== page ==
My four year old started school this autumn. Yes, four years and eight months old. No, not nursery school or pre-school either: proper school with a six and a half hour day and a ‘curriculum of excellence’ to get through by year’s end. He is a spirited four year old and a competent one and you could even call him precocious. But when he walked into that classroom for the first time a few months ago, he was, in many ways that matter to a mother, still only a small boy.
Leo’s birthday is in late November and the school cut off date in Scotland is the first of March. Had he been born in January or February, I would have had the formal option of holding him back. The local education authority here recognizes the possibility that kids born in these two months might not be emotionally and/or intellectually prepared for the rigors of school before their fifth birthday. The kids born in November and December, on the other hand, are destined to be the youngest in the class. It’s fair enough: somebody has to be.
School-readiness is a constellation of concerns. They are interconnected, as you would expect, but they are not necessarily inter-entailing. Leo was ready for school by academic and social standards - he was beginning to read, he was confident amongst his friends - and the idea of waiting until he was close to six to send him (something we could have petitioned for) seemed nonsensical for exactly those reasons. But he definitely retains vestiges of his toddlerhood. He can’t control a pencil particularly well, for example, and he gets distracted and tired in the face of long spells of concentrated activity. He needs help after he goes to the toilet. He still sucks his thumb. These things might be because of his age. They might be because of his gender. Or they might very well just be because he is Leo. It is impossible to tell.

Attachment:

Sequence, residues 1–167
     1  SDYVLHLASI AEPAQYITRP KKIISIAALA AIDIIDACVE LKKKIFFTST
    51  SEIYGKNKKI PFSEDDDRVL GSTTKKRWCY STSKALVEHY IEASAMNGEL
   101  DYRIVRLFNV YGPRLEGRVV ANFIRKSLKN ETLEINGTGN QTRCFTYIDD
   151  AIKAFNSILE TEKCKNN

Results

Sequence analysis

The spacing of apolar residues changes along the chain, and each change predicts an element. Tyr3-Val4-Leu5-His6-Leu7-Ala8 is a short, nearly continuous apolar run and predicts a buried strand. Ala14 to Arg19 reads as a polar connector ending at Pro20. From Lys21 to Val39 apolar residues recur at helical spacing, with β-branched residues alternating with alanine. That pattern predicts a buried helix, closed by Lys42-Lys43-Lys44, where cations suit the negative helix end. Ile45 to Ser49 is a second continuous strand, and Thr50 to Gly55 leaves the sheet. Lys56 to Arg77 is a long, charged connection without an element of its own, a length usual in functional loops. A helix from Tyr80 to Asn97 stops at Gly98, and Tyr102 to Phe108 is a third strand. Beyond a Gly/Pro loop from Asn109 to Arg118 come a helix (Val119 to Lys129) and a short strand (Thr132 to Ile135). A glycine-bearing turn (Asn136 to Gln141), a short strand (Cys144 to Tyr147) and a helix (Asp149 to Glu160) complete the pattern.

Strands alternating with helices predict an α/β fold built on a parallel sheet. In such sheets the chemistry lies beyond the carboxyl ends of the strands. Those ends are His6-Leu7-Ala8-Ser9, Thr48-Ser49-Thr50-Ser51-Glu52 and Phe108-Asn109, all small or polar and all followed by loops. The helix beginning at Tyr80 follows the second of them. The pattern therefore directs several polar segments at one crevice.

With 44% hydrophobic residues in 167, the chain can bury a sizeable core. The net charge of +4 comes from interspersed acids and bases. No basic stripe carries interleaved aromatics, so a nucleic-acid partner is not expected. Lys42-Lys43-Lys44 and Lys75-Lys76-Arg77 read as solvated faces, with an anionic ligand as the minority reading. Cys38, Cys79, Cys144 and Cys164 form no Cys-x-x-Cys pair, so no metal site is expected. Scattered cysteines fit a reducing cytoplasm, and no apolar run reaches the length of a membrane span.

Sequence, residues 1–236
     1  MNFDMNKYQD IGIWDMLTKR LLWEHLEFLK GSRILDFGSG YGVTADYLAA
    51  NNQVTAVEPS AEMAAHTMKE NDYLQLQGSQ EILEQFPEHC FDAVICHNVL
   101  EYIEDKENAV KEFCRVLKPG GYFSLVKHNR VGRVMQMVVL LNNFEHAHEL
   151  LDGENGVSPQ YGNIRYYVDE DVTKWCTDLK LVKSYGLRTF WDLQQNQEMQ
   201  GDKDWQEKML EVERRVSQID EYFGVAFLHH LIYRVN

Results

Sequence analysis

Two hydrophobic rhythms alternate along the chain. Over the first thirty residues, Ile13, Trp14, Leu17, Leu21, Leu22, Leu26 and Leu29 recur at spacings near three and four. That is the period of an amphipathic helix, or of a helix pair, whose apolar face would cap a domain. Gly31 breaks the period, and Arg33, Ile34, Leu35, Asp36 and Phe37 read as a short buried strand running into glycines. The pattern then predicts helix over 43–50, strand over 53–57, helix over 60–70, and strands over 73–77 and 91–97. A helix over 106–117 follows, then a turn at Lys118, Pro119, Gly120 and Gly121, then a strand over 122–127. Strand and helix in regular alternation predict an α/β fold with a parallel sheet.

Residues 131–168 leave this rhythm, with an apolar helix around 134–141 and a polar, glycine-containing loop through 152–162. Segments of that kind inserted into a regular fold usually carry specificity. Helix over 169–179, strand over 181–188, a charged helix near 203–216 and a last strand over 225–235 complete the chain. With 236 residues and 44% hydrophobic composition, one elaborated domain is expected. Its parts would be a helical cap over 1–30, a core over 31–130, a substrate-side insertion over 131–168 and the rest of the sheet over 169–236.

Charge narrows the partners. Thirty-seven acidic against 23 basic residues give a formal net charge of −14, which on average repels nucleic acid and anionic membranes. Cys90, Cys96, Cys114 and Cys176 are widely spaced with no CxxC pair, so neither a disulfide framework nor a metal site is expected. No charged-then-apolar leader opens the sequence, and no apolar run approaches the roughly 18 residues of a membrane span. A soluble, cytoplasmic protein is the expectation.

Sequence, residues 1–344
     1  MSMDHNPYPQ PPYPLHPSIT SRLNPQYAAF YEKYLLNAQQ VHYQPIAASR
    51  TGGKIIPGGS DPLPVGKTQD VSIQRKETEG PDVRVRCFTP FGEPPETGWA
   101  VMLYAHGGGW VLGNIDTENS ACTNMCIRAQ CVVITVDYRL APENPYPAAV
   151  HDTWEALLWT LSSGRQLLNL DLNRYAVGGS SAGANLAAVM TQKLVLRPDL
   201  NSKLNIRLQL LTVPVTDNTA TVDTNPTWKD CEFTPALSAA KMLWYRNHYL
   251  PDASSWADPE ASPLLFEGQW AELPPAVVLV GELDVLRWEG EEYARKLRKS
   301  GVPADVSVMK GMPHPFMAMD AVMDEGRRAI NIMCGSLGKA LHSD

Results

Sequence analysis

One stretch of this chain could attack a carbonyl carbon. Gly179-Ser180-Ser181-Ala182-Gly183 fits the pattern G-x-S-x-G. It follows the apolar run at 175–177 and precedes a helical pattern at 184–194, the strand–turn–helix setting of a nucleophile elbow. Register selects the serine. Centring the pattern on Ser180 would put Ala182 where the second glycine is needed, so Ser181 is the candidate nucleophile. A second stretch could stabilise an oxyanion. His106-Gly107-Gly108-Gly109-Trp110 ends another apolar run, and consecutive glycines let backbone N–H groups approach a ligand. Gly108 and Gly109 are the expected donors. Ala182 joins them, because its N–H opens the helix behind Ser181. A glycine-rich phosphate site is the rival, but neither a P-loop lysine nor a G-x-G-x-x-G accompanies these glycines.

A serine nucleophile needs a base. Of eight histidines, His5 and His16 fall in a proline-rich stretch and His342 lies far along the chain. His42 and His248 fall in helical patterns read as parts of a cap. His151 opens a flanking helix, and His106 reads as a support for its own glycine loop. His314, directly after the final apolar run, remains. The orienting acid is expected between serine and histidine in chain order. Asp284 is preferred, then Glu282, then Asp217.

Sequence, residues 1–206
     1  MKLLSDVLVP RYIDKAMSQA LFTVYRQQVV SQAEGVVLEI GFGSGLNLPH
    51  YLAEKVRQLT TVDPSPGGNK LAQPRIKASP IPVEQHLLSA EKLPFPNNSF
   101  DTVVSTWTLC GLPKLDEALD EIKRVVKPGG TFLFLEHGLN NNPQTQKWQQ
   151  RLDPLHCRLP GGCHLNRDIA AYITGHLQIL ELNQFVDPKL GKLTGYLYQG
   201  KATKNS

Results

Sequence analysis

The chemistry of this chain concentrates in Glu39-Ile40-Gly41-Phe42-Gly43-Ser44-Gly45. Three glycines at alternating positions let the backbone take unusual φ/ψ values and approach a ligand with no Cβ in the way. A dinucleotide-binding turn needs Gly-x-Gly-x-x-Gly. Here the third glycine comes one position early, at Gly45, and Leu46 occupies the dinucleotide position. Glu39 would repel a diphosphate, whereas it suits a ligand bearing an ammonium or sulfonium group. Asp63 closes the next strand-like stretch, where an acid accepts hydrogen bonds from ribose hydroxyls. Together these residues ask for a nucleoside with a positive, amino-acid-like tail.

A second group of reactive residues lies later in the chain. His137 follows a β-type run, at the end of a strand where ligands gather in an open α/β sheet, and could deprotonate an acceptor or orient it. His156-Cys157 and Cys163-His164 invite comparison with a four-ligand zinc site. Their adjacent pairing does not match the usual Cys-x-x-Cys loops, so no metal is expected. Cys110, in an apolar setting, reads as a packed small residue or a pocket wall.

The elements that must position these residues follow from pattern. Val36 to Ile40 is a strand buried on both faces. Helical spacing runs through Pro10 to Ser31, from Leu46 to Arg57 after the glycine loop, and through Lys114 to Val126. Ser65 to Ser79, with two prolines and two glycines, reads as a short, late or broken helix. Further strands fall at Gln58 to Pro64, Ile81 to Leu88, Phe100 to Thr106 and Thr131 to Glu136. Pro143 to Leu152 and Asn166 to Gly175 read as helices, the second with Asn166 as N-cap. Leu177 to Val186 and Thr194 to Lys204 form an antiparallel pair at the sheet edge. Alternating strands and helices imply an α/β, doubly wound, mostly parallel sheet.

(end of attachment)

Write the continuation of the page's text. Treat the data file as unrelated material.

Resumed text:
And after parent’s night I now realize it doesn’t matter anyway. As Leo’s two teachers and I sat down to discuss his progress over the past term, I must have mentioned his age at least three times. Neither of them, it occurred to me on the way home, mentioned it once. To them he wasn’t a four year old lamb in the mix of five year old lions - lions who stand a head taller than he does and form their letters with pretty precision and wipe their own bums. To them he was just another kid in the room, treated individually one would hope, but measured, ultimately, by the same standards as everybody else.
This is as it should be, I know that in theory, but it is an adjustment nonetheless. In the playground, we are used to marshalling reasons to justify our kids’ shortcomings vis-a-vis the other kids: he’s a preemie! She’s a twin! He’s a boy! She’s a third child! In the classroom, these reasons become irrelevant. School, at least where I live, is the first time that children are objectively and systematically gauged against their peers with no real qualifiers. All of a sudden the months between them that meant so much when they were two and three are worth shockingly little. It is an inevitable and natural progression: the significance of age differences and mitigating factors must ebb at some point for the concept of a ‘grade’ to work. But when your kid is on the wrong side of the line, and he is now sitting cheek by jowl with the boy who was held back and is almost a year older than him, it can be alarming. And it makes an emotive argument for delaying school entry in borderline cases, especially when other parents are doing the same thing routinely.
I escaped this anxiety with my first son. He was born in September and school felt like it came at just the right time for him. His birthday was perfectly orchestrated for the school year except, of course, that it wasn’t because the thought never crossed my mind in the consideration of when to conceive him. What is the best time to have a baby in terms of the school cut off? It was one of those parenting questions I didn’t even know to ask.